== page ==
You want to really do it up? Got a big special occasion you want to celebrate right? I can't think of a dreamier place to stay than the ~LES MARS HOTEL~. It's like being in Europe, with such exquisite and personal hospitality, but it never feels stuffy or uncomfortable. You can almost pretend you're staying at your very wealthy friend's manse (a girl can dream, can't she?) It's no mistake this is a Relais & Chateaux property, and how convenient, Cyrus is just downstairs. If you have the ducats, this is the place to go for an overnighter, or weekend. I'm talking four-poster beds, a cloud of down pillows and comforters, and the Italian Versai linens that will make you hate anything you sleep on at home. Bathrooms are outfitted in marble, and Bulgari products. Luxe, baby.

I was obsessed with the authentic antiques throughout, especially the floral chandeliers and sconces, and wait until you see the woodwork in the room where breakfast is hosted--stunning craftsmanship. Our three-course breakfast consisted of Greek yogurt with fresh fruit, pumpkin pecan pancakes with chicken apple sausage, and a petite herb and cheese omelette. You're set to go wine tasting all day after a breakfast like that. The wine and cheese reception in the lobby is no slouch either, mamma mia. The entire experience here is thoughtful, memorable, and pure quality.

Les Mars Hotel
Rates $475-$1050

There is also the B&B option, which can be personal, charming, and quite a bit more budget friendly. One place I tried was the ~IRISH ROSE INN~, on Dry Creek Road, a wee bit out of town and nestled closer to the peace and calm of the vineyards. It has two rooms and a cottage, which also looks darling. I stayed in "Michael's Room" in the main house, with a super-comfy king size bed (great mattress) and my room was delightfully devoid of any dolls or bric-a-brac. I dug my sunny and private bathroom, and the view of the vineyard out back. Chris the innkeeper was super friendly, and made an awesome breakfast soufflé with bacon, plus fresh fruit and bagels.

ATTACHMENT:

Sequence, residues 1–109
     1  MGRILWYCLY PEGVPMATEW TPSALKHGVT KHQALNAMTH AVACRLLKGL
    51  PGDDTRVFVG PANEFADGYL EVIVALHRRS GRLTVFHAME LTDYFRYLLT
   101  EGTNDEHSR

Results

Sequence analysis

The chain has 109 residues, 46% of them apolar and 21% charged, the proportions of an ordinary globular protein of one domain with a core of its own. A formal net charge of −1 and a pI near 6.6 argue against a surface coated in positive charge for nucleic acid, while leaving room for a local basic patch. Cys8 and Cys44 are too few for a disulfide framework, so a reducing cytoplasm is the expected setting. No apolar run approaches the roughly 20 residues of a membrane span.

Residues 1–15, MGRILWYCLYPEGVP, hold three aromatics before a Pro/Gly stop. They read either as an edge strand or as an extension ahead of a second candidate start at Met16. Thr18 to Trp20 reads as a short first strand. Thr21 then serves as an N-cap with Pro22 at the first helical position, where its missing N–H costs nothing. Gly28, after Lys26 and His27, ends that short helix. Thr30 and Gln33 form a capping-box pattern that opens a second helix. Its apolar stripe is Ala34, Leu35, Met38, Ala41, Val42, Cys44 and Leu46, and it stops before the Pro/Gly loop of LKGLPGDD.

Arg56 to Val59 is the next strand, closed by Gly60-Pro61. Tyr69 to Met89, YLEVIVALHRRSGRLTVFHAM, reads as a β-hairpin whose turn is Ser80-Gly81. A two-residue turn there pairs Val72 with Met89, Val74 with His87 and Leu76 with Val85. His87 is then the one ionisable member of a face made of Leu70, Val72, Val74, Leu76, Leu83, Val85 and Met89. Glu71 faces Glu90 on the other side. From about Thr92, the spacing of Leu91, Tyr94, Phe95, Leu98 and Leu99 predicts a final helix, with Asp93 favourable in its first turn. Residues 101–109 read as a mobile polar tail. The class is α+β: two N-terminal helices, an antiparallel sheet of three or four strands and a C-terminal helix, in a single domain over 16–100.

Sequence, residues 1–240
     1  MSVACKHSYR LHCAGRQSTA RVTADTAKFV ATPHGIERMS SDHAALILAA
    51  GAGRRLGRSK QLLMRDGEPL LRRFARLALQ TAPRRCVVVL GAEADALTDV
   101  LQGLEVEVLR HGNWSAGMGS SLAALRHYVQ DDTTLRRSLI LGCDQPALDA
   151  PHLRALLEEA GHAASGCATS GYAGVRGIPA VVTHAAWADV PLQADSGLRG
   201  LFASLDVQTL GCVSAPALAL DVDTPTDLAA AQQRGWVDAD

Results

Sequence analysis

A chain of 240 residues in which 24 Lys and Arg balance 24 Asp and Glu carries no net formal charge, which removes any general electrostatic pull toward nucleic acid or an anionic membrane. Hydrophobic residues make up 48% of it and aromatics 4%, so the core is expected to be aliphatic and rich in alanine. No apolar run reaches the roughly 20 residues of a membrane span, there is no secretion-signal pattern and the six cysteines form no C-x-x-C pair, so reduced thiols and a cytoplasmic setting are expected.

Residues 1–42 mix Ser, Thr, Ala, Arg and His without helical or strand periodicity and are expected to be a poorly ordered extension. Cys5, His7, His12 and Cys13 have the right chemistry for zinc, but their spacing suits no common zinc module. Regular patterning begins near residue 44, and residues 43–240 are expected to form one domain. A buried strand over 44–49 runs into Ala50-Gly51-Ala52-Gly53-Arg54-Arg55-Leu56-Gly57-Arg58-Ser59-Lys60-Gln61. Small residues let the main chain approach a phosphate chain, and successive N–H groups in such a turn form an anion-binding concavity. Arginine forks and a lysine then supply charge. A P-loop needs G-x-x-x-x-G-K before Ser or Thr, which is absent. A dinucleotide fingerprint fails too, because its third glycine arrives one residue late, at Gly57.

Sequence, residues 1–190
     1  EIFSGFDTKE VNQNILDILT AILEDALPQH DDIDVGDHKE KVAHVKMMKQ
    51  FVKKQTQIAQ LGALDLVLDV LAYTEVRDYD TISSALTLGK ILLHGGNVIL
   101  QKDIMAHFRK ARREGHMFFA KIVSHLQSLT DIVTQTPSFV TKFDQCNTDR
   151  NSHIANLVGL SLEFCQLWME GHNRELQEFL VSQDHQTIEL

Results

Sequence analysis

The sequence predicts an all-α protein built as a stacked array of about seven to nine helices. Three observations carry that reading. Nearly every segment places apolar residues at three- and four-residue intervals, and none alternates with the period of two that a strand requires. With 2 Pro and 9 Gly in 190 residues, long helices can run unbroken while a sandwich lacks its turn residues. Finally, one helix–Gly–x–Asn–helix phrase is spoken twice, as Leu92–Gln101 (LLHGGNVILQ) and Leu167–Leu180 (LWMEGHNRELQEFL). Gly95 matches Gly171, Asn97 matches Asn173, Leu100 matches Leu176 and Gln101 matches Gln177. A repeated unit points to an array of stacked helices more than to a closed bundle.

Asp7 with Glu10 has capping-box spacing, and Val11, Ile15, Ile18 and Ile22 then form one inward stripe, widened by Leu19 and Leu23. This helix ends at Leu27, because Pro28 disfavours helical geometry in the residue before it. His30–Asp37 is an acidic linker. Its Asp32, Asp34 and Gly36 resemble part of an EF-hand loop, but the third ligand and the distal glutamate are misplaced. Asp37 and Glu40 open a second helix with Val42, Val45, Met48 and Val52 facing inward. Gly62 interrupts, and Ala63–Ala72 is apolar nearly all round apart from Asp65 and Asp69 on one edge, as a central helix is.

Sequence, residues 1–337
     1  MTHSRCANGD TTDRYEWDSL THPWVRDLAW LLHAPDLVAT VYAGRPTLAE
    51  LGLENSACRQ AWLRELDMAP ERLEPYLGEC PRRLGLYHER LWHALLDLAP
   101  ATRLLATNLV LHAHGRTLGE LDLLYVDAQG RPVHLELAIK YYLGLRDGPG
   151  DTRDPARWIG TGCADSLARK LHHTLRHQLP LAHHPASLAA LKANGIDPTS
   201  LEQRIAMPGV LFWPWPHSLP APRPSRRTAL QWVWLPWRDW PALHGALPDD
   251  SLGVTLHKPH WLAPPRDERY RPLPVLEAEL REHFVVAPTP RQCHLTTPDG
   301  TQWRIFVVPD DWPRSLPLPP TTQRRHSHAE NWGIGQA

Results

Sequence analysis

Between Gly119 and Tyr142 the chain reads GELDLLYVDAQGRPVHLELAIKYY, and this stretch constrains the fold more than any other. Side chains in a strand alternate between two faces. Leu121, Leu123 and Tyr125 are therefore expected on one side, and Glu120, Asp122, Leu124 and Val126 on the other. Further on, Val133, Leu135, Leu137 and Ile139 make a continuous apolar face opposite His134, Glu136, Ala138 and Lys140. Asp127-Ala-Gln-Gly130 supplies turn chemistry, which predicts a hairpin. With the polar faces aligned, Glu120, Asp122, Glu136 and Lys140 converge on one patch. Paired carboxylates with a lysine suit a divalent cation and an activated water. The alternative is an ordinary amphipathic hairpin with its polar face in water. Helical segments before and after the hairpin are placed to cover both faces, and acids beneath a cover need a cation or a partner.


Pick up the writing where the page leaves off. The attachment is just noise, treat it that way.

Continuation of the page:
Irish Rose Inn
Rates $160-$200

Now, the ~CAMELLIA INN~ is what veers more into the classic B&B girlie styling, but wow, what a building! It's an 1869 Italianate Victorian inn that is walking distance from the Plaza. Most of the rooms would freak guys out with all the floral wallpaper, lacy canopies, and pink. And some of the furnishings felt a little tired. But it's also the home of a super-budget secret: a simple double room for $119-$129 (there's just a little lace on the curtains, that's all!). The bathroom is a quick step across the hall, but it's private and has an awesome tub. Personally, I'd rather stay in a cool historic building like this than some modern chain hotel any day, especially for that price. You can see pics of all the rooms in the virtual tour on the site.

Breakfast was a simple spread of scrambled eggs, plus ham, and a homemade pear tart. Nice folks running the place. And there's a pool out back. I also had a good run along Matheson, a wide winding road with no winos driving on it.

Camellia Inn
Rates $119-$249

At this point you can head back to your hotel, relax, walk around the Plaza, and get ready for dinner.

Dry Creek:

Here are some ideas of wineries to visit for a full day--add or subtract based on what kind of a day you want, leisurely or turbo:

After breakfast, head out on Dry Creek Road and visit ~DRY CREEK VINEYARD~ (I'm a big fan of their dry chenin blanc, and fully loaded heritage zinfandel--see what they have in the handy 375ml bottle size, perfect for the single boy or girl!) Open daily 10:30am-4:30pm. There is a $5 per person fee for tasting their signature wines, and $10 per person fee for tasting their single-vineyard wines--be sure visit their site for a two-for-one coupon.

Then keep on trucking and head over to ~UNTI VINEYARDS~ for your appointment. This small producer is one of my very faves in the area--Mick Unti and his dad George do a wonderful job with Italian varietals (I heart their barbera) and try their Segromigno blend. This is a can't-miss experience, and make some room in your trunk. Thank me later.